Carbon Dioxide Enhanced Oil Recovery
In Carbon Dioxide Enhanced Oil Recovery, you'll learn ...
- The benefits and limitations of carbon dioxide (CO2) enhanced oil recovery (EOR)
- Why injecting CO2 into the pore spaces of a rock helps move crude oil out
- The physical elements of a typical CO2 flood operation
- Real-world examples of how a field can respond to CO2 injection
When an oil reservoir is first produced, the pressure that exists in the subsurface provides the energy for moving the oil, gas and water that is in the rock to the surface. After a while, the pressure dissipates and pumps must be used to remove additional volumes of oil. Depending on the characteristics of the rock and the oil, a considerable amount of the original oil in place may be left behind (perhaps 60 percent or more) as residual oil.
As the production decline phase begins, it is carefully managed to extract every last drop of oil possible using enhanced oil recovery techniques, such as waterflooding and CO2injection. Where CO2enhanced recovery operations are employed, they typically take place after the less expensive waterflooding option has already been implemented, although the remaining oil saturation in the post-waterflood reservoir is still significant, perhaps 50 percent of the original oil in place.
In a typical CO2flood operation, a pipeline delivers the CO2to the field at a pressure and density high enough for the project requirements and a meter is used to measure the volume of gas purchased. This CO2is directed to injection wells strategically placed within the pattern of wells to optimize the areal sweep of the reservoir. The injected CO2enters the reservoir and moves through the pore spaces of the rock, encountering residual droplets of crude oil, becoming miscible with the oil, and forming a concentrated oil bank that is swept towards the producing wells.
This course provides a brief introduction to the physics of CO2 EOR, the fundamental engineering aspects of its application, and the conditions under which it can be successfully implemented.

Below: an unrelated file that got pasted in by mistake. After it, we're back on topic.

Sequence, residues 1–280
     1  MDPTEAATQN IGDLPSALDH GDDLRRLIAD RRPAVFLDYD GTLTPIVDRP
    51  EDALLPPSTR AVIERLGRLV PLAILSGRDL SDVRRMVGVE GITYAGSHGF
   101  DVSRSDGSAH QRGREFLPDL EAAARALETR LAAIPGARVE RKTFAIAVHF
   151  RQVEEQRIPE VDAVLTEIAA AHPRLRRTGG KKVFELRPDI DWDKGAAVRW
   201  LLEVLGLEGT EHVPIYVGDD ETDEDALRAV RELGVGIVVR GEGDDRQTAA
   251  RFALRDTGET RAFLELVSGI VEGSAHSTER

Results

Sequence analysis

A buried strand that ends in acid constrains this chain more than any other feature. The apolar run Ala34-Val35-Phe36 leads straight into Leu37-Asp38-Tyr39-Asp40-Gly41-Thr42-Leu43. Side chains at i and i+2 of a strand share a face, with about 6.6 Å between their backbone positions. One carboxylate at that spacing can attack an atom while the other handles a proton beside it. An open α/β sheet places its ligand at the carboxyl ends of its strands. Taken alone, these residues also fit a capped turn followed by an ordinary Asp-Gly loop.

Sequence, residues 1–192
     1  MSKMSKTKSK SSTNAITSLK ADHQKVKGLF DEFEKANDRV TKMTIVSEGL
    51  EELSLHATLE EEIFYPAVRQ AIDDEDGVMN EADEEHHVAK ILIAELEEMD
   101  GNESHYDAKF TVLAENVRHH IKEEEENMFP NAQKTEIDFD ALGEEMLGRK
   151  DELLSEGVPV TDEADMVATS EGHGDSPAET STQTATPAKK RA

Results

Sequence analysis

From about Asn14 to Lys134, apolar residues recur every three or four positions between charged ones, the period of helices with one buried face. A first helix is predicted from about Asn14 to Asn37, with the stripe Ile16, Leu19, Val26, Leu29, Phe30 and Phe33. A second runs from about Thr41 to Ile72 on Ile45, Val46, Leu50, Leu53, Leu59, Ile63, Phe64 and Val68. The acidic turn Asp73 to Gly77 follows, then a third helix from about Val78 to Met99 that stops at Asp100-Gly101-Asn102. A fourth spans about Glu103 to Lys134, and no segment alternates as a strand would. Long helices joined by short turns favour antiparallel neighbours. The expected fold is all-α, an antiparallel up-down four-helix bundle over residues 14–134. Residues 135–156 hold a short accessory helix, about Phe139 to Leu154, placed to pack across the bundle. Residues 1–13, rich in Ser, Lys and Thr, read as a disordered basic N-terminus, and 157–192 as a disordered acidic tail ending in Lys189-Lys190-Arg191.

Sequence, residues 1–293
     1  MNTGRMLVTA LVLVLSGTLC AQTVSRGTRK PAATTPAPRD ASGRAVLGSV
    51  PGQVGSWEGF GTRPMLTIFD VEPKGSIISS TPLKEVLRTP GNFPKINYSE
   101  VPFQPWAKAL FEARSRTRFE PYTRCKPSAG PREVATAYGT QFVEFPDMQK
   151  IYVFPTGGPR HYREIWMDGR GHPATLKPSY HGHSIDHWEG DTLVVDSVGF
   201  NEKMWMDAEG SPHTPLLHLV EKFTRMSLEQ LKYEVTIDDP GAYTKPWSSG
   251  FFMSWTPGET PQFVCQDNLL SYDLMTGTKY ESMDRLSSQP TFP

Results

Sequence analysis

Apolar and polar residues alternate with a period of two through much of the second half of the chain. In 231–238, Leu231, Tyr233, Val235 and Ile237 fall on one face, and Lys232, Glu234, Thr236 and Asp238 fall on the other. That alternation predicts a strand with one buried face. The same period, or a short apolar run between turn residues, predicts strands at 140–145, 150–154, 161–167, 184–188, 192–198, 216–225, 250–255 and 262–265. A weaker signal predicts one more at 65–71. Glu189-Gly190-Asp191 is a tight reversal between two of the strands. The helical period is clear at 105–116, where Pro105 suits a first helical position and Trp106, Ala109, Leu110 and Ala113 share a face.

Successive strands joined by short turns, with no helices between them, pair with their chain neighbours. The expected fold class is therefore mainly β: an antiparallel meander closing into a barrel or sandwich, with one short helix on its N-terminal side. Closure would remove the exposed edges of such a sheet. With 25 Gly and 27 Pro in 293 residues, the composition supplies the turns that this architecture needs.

Specific Knowledge or Skill Obtained
This course teaches the following specific knowledge and skills:
- When and why CO2 EOR is needed
- How the CO2 EOR process works
- The benefits of CO2 relative to other EOR options
- Properties of CO2
- Criteria for screening reservoirs for CO2 EOR suitability
- The effectiveness of CO2 EOR using real-world, historical examples
- CO2 availability and anthropogenic CO2 sources
- The future potential of CO2 projects
- Environmental considerations associated with CO2 EOR
Certificate of Completion
You will be able to immediately print a certificate of completion after passing a multiple-choice quiz consisting of 10 questions. PDH credits are not awarded until the course is completed and quiz is passed.
|This course is applicable to professional engineers in:|
|Alabama (P.E.)||Alaska (P.E.)||Arkansas (P.E.)|
|Delaware (P.E.)||Florida (P.E. Area of Practice)||Georgia (P.E.)|
|Idaho (P.E.)||Illinois (P.E.)||Illinois (S.E.)|
|Indiana (P.E.)||Iowa (P.E.)||Kansas (P.E.)|
|Kentucky (P.E.)||Louisiana (P.E.)||Maine (P.E.)|
|Maryland (P.E.)||Michigan (P.E.)||Minnesota (P.E.)|
|Mississippi (P.E.)||Missouri (P.E.)||Montana (P.E.)|
|Nebraska (P.E.)||Nevada (P.E.)||New Hampshire (P.E.)|
|New Jersey (P.E.)||New Mexico (P.E.)||New York (P.E.)|
|North Carolina (P.E.)||North Dakota (P.E.)||Ohio (P.E. Self-Paced)|
|Oklahoma (P.E.)||Oregon (P.E.)||Pennsylvania (P.E.)|
|South Carolina (P.E.)||South Dakota (P.E.)||Tennessee (P.E.)|
|Texas (P.E.)||Utah (P.E.)||Vermont (P.E.)|
|Virginia (P.E.)||West Virginia (P.E.)||Wisconsin (P.E.)|